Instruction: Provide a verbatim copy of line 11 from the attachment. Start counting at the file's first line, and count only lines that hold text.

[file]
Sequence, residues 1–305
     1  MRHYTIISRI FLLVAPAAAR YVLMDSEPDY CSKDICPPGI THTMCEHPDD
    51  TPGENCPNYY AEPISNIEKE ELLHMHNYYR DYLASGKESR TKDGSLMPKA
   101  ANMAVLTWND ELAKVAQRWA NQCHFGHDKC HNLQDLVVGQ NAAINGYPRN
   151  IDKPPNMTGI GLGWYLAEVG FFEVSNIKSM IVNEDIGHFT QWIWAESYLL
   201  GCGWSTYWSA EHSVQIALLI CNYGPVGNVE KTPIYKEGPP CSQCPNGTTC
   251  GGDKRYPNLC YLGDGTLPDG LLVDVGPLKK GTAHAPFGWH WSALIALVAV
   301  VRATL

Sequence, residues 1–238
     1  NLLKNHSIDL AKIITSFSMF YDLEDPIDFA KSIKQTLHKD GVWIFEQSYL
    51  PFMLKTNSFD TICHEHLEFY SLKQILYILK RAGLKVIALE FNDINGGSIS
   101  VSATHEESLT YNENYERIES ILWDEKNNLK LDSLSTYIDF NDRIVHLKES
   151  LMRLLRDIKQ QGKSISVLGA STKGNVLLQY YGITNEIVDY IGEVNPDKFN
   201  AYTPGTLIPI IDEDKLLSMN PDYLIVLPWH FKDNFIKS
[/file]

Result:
    51  PFMLKTNSFD TICHEHLEFY SLKQILYILK RAGLKVIALE FNDINGGSIS